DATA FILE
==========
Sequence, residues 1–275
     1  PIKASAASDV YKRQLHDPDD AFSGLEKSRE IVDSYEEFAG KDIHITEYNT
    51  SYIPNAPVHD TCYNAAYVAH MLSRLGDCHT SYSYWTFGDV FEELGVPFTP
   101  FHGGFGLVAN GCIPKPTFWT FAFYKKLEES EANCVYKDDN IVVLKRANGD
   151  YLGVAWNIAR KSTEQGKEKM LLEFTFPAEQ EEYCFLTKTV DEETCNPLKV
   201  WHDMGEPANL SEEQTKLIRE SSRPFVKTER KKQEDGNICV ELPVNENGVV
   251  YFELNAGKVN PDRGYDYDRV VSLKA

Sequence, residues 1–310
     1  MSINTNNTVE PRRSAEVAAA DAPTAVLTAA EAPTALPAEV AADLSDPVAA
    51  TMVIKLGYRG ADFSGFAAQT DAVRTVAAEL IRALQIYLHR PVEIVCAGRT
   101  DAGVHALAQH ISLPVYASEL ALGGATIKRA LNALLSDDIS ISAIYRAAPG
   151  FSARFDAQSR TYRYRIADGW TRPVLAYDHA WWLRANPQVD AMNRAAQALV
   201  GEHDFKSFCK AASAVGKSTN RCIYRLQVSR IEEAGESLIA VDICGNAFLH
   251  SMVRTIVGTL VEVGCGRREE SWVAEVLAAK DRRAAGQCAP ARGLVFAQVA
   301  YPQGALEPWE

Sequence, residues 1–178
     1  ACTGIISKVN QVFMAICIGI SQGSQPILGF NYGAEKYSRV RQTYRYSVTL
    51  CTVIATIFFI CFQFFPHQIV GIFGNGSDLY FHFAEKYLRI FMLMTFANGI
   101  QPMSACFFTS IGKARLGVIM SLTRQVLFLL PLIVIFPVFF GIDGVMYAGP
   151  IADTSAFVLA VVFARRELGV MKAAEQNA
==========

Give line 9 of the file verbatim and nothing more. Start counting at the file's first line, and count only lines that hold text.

     1  MSINTNNTVE PRRSAEVAAA DAPTAVLTAA EAPTALPAEV AADLSDPVAA